Just two years after succeeding Michael Grandage (See News, 22 Oct 2004), actor-turned-director Samuel West (pictured) is stepping down as artistic director of Sheffield Theatres. He will leave in April at the end of his current 2006/7 season and ahead of a planned 14-month closure of Sheffield Crucible for refurbishment.

A statement released today said that the “decision was reached by mutual consent of both West and Sheffield Theatres Trust” yesterday (20 December 2006) – as the Crucible and Crucible Studio (though not the next door Sheffield Lyceum) will be closed for what would have been a significant portion of the 2007/8 season, “it was agreed that this was a good point to allow West to leave and pursue other projects”. He’s been invited to become an associate artist, as Grandage was before him, and to return to the reopened Crucible stage as an actor or director.

Speaking today, CEO Angela Galvin said: “I’d like to thank Sam for his wonderful generosity, enthusiasm and creativity during the past two years. As an actor, director and colleague Sam has been a real boon to me, to the theatres and to the city.” Chair Paul Allen added: “The sheer quality of acting and production this season has had a consistent excellence which equals anything seen on the Crucible stage in its 35-year history, and anything currently available in British theatre.”

Commenting on his departure, West said: “The Crucible is an incredible theatre. I’ve thoroughly enjoyed my time as artistic director, working with some extraordinarily talented people and getting to know this wonderful city. I wish Angela and the team well with the refurbishment. In the short term, I feel that it’s time for me to explore other creative opportunities.”

West launched his Sheffield tenure with a 2005/6 season that included the first major revival of Howard Brenton’s controversial The Romans in Britain as well as the world premiere of Tanika Gupta’s Gladiator Games (See News, 23 Jun 2005). Highlights to date of the 2006/7 season have included the regional premiere of Caryl Churchill’s A Number, in which West starred with his father Timothy West; a season celebrating Harold Pinter including a production of The Caretaker, starring Nigel Harman, David Bradley and Con O'Neill, that transfers to London in the new year (See News, 15 Dec 2006); and currently, the musical Fiddler on the Roof, starring Henry Goodman.

Still to come (See News, 25 Aug 2006), West will direct Eve Best in As You Like It, running at Sheffield from 7 to 24 February 2007 before moving to Stratford-upon-Avon in March as part of the Royal Shakespeare Company’s year-long Complete Works Festival. West will depart following the season’s final production, Chekhov’s 1904 classic The Cherry Orchard, directed by Jonathan Miller and starring Joanna Lumley as Madame Ranevskaya. It runs from 20 March to 7 April 2007 (previews from 14 March).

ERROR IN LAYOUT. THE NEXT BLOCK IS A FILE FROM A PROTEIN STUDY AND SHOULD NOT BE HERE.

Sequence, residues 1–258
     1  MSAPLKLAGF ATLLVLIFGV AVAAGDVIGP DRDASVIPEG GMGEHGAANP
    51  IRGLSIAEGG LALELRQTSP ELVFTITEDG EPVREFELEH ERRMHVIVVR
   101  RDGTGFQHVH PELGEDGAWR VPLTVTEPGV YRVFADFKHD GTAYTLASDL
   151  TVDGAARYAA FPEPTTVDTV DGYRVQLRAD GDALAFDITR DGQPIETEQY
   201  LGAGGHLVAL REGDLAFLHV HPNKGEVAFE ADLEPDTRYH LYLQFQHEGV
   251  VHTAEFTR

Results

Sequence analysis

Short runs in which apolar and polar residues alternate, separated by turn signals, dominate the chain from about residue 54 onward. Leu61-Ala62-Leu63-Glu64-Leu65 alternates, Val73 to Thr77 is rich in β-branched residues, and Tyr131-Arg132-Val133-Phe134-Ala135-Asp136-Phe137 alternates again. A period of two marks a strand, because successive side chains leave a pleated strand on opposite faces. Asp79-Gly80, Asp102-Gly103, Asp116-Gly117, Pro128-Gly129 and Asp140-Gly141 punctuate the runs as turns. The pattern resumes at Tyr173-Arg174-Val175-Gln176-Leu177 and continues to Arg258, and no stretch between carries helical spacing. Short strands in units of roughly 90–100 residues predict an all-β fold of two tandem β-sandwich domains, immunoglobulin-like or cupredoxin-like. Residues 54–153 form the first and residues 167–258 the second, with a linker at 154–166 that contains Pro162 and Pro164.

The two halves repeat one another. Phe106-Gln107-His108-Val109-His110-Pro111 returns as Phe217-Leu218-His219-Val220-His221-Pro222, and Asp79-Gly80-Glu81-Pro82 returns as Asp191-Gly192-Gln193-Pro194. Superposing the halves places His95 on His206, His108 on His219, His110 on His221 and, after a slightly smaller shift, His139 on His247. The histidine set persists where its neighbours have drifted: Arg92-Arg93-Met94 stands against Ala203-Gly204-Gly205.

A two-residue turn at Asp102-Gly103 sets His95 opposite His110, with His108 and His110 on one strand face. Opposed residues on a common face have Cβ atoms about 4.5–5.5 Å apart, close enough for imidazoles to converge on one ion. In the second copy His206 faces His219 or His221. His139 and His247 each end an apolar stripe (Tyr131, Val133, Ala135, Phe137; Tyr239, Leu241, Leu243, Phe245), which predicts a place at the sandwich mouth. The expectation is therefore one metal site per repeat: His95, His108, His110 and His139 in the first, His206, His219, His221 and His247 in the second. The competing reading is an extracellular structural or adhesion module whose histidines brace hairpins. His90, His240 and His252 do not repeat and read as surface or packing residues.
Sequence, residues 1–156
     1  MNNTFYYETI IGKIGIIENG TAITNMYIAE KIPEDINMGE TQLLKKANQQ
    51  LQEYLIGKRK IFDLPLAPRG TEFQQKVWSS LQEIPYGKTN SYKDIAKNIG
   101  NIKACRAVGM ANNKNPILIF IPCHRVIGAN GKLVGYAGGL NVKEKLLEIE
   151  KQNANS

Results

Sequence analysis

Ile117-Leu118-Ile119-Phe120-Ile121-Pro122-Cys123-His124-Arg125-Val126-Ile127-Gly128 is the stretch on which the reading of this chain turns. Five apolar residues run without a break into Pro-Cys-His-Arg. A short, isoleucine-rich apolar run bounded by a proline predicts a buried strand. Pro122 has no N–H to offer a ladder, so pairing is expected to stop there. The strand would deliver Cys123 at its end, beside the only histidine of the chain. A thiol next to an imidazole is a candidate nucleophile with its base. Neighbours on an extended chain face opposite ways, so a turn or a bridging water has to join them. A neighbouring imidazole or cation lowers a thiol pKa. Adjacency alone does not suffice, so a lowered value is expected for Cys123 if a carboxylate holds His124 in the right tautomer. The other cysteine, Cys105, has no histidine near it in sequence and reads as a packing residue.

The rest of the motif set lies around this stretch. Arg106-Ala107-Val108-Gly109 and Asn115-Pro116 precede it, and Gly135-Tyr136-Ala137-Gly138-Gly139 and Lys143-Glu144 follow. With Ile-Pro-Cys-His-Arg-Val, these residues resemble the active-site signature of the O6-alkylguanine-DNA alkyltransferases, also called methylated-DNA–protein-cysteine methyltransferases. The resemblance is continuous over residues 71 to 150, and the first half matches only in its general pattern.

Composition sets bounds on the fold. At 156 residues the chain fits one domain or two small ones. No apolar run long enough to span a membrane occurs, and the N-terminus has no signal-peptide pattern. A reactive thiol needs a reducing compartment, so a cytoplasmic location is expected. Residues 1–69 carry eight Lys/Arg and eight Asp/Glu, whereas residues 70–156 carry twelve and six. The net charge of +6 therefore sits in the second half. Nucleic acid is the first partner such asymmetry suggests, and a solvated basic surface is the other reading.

The son of actors Timothy West and Prunella Scales, Samuel West’s many acting credits include: on film, Van Helsing, Cambridge Spies, Iris, Howard's End, Notting Hill, Complicity, Carrington, Stuff Upper Lips, Hornblower and Persuasion; and on stage, A Life in the Theatre, Arcadia, Hidden Laughter, The Sea, Mr Cinders, The Importance of Being Earnest, Henry IV and Richard II. For his last London stage appearance, the title role in Steven Pimlott’s 2001 Royal Shakespeare Company production of Hamlet, West won both the Critics’ Circle Award for Best Shakespearean Performance and the Whatsonstage.com Theatregoer’s Choice Award for Best Actor.

Although he has always continued to act, since Hamlet, West has more often concentrated his stage efforts on directing. Prior to Sheffield, his directorial debut came in 2002 with The Lady’s Not for Burning at Chichester Festival, which was followed by Les Liaisons Dangereuses (Bristol Old Vic), an Olivier-nominated English National Opera production of Cosi Fan Tutte (Barbican) and the world premiere of Three Women and a Piano Tuner at Chichester and London’s Hampstead Theatre.

A Sheffield Theatres spokesperson told Whatsonstage.com that there are no immediate plans to advertise the artistic director vacancy, though West’s successor will be in place well ahead of the Crucible’s reopening, scheduled for March 2009. Following West’s departure and ahead of the theatre’s closure, one further main-house production is planned for autumn 2007 and will be announced in the new year.

- by Terri Paddock